Instead, if you just update the properties of the objects and add new objects or remove missing objects, you can potentially reduce the cost of updating the interface significantly. I have achieved a speed advantage of 5 times the refresh speed by these optimizations alone – of course, this depends entirely on the use case.

Remove Binding Errors

Binding errors occur when the binding path cannot be resolved to a property on the bound object. This happens, for example, when you rename properties and forget to update the binding path in the corresponding Xaml file. Many binding errors can slow down the application and should be cleaned up. Binding errors are particularly expensive when you work with Visual Studio in the debugger.

To find binding errors, you only need to look at the Visual Studio output, where such problems are displayed very precisely so that you can look for them in the code and fix them.

If the binding error occurs because different ViewModel types are bound at this point, where one ViewModel type has the property and the other does not, the error may be a little harder to fix. The correct solution would be to make sure that for each ViewModel type separate templates with their own bindings are used. If this is not possible because of the structure of the application, you could alternatively work with FallbackValue or with the so-called priority binding.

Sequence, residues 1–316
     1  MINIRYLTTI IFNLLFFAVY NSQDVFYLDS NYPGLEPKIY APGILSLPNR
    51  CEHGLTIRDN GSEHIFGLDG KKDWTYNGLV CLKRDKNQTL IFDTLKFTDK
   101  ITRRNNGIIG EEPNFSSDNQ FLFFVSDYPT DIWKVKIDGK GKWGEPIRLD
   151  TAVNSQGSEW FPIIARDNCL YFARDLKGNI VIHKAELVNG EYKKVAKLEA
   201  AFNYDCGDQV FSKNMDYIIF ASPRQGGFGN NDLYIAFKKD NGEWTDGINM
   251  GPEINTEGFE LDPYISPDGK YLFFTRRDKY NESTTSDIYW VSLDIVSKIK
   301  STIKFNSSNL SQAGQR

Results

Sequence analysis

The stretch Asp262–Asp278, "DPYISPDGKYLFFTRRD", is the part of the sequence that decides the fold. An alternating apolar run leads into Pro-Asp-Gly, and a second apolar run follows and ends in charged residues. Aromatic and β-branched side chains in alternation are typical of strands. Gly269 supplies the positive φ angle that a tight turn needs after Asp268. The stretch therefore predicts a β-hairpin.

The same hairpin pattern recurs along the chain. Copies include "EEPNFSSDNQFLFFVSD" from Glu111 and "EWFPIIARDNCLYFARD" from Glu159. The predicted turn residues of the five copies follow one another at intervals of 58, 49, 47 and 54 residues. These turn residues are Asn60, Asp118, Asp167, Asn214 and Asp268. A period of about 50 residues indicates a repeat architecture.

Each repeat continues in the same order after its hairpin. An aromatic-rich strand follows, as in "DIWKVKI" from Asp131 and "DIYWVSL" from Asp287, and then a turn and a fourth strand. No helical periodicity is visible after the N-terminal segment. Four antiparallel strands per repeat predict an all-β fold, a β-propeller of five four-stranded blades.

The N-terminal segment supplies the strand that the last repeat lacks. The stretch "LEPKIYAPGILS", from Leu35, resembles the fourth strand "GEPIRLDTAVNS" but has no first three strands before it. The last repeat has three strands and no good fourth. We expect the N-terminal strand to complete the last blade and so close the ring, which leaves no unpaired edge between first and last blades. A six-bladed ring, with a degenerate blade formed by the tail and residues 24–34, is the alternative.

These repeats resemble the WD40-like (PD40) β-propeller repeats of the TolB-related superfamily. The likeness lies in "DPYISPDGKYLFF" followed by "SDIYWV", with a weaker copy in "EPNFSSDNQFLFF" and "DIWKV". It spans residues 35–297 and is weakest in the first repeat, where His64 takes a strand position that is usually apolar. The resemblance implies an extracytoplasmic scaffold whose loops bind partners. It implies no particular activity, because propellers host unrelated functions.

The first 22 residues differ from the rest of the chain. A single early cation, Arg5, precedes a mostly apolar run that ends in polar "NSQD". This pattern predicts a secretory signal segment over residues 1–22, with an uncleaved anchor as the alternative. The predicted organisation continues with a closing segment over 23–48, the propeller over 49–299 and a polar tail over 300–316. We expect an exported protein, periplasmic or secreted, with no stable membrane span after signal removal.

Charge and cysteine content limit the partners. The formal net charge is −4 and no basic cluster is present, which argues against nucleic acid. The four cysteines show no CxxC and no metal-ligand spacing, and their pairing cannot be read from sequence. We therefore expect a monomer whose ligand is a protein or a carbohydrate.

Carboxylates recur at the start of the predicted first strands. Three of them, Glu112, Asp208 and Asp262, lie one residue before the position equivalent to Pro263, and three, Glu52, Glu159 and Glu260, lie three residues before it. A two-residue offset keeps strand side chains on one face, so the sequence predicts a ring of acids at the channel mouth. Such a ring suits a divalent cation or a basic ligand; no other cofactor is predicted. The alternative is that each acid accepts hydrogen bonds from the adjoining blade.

ICommand.CanExecute() lean and efficient

The method ICommand.CanExecute() is called by WPF to check if a bound command is available on the view. Typical examples are context menu entries or buttons that call ICommand.Execute() when clicked. If a command is not available, the corresponding button or context menu entry is disabled and cannot be pressed by the user. It becomes problematic if a large number of commands are bound and there is code in the method ICommand.CanExecute() that performs intensive operations, e.g. a query to the database, the file system or a server.

CanExecute() is called very often, also when building and updating interfaces, so expensive CanExecute() calls can make the interface very sluggish. You can see this best by using a performance profiler. Here it depends on the application how you optimise the performance. For example, you can

  • cache database or network queries,
  • expensive request first at Execute() and then, if necessary, issue a message to the user,
  • or perform runtime optimisation of the test algorithm in general.

In part 2 of the performance optimisation of WPF applications I take a look at unnecessary visuals and the optimisation of the VisualTree by the custom control with OnRender(). Furthermore, it is about reducing ResourceDictionary lookups and relieving UI threads. Click here for part 2.

Peter Friedland
Peter Friedland

Software Consultant at t2informatik GmbH

Peter Friedland works at t2informatik GmbH as a software consultant. In various customer projects he develops innovative solutions in close cooperation with partners and local contact persons. And from time to time he also blogs.